Biblical Archaeology in the Press: Bias, Assumptions and Error

Pitfalls when reporters rush to “prove the Bible wrong”
“Abraham Journeying into the Land of Canaan”
Public Domain | Engraving by H Pisan after illustration by Gustave Doré

What often happens when a major media outlet attempts an “exposé” into the field of biblical archaeology? Some fascinating material and in-depth research—mixed with a healthy portion of bias, assumptions, and flat-out error. Such has been the case over the past year, with major editorials and articles produced by Der Spiegel, National Geographic, Haaretz, and others.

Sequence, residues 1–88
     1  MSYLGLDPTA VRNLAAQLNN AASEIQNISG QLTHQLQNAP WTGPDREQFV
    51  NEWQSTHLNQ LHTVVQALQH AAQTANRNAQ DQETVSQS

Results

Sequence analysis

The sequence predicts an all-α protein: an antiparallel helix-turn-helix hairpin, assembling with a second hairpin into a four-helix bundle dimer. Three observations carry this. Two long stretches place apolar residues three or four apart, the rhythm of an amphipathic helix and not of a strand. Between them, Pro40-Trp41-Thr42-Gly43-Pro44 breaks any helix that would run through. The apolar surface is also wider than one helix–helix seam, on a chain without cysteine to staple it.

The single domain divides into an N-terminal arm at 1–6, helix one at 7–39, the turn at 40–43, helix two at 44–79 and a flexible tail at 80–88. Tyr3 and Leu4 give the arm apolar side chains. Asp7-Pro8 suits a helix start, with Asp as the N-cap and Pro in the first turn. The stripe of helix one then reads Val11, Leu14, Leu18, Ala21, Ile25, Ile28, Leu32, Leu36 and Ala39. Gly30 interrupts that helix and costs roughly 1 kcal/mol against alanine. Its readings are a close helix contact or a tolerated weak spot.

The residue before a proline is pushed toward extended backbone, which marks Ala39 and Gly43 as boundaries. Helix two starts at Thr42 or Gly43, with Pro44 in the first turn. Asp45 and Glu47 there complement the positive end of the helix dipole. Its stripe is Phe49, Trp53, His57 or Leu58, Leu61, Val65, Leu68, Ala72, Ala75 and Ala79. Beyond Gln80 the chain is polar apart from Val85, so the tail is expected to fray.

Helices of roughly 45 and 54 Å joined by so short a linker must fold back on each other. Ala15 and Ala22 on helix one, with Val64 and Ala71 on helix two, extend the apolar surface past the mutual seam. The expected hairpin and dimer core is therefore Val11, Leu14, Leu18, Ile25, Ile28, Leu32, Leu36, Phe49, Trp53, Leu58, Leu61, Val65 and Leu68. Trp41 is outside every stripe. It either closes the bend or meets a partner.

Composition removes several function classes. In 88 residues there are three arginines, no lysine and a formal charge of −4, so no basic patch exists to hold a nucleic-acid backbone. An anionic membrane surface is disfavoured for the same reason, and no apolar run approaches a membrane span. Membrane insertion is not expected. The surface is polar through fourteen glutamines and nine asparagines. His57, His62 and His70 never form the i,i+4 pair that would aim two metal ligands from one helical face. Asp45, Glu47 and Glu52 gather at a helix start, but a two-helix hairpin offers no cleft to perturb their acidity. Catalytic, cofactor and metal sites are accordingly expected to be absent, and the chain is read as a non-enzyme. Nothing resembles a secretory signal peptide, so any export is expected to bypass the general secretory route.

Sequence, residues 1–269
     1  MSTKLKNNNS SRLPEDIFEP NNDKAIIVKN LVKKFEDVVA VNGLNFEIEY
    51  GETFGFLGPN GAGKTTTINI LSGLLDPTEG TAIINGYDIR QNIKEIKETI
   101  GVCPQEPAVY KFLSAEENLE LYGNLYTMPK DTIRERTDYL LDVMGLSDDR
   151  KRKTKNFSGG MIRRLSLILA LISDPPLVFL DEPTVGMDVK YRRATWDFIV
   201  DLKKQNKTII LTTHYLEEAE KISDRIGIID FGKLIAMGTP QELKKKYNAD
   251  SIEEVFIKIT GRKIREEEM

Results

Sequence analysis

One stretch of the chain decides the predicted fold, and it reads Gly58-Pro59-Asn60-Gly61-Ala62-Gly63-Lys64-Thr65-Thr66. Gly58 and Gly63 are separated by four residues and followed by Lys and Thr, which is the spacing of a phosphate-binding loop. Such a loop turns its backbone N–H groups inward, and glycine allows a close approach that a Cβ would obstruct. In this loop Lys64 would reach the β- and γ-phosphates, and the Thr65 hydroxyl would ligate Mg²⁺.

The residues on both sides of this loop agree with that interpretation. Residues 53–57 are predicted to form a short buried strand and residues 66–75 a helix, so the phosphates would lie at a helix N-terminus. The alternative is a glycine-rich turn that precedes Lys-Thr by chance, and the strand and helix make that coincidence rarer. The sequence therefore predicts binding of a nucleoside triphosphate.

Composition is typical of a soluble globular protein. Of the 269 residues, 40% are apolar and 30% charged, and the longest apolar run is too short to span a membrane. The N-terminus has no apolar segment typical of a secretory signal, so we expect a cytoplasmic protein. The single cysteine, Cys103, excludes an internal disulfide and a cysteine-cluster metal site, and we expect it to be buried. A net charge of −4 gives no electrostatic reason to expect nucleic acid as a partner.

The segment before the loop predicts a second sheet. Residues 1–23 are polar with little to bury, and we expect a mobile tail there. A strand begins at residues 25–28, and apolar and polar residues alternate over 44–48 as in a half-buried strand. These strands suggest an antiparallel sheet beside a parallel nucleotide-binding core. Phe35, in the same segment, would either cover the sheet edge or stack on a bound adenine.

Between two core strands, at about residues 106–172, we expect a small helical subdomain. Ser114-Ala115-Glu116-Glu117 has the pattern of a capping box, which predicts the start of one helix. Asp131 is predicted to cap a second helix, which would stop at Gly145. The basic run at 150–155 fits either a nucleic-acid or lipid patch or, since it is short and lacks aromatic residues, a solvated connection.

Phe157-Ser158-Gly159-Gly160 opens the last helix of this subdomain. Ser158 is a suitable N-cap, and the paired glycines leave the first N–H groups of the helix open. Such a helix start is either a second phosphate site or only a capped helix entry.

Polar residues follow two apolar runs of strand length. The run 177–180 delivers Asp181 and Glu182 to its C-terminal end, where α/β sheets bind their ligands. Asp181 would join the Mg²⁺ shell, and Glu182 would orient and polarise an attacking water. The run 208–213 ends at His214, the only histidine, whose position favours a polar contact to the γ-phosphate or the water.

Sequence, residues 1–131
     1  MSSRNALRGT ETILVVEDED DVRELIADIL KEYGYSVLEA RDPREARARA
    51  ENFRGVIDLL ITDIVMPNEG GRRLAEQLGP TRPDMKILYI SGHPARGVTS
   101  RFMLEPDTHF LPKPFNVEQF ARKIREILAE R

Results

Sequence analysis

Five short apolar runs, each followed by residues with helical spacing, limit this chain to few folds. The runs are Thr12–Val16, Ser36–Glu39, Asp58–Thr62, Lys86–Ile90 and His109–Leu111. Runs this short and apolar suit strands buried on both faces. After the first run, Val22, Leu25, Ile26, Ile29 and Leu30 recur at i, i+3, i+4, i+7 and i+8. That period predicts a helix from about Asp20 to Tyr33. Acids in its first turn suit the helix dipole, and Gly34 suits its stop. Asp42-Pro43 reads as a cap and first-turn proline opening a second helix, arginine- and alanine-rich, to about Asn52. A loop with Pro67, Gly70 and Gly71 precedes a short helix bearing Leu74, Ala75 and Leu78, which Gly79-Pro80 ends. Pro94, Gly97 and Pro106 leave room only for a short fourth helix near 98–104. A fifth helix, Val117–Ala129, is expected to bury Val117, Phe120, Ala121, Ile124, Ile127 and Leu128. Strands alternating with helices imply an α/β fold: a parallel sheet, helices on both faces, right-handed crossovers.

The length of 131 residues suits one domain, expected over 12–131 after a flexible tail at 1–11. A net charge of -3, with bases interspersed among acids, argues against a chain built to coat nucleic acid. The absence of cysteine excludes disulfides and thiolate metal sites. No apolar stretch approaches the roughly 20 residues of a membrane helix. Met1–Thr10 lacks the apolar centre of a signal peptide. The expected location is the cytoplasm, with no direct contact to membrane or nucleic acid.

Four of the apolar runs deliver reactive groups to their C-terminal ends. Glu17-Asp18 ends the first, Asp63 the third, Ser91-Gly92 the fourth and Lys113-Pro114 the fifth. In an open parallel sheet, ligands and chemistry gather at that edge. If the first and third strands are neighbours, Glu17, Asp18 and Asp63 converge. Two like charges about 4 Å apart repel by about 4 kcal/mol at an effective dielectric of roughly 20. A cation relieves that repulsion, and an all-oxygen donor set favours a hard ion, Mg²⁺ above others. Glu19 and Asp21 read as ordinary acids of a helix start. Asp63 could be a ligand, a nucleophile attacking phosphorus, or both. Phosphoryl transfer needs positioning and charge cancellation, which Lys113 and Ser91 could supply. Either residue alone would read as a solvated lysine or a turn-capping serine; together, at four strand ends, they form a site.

Tabloids are often quick to jump on biblically significant discoveries, and face claims of “sensationalization”; what receives less scrutiny, unfortunately, are claims of “evidence against the Bible,” or “no evidence for the Bible.”

On today’s program, host Chris Eames examines claims made by various reporters about what has (or hasn’t) been found, emphasizing the importance of understanding what archaeology reveals, and what the Bible actually says.

Show Notes:

Newly Discovered Cultic Site Outside Jerusalem Matches Biblical Narrative
‘A Rare Case of Merging the Biblical Narrative With Archaeology’
Haaretz’s Hit Job on the Bible
Spiegel - Kings, Prophets, Legends: The Historical Truth About the Heroes of the Bible
Haaretz - Is the Bible a True Story?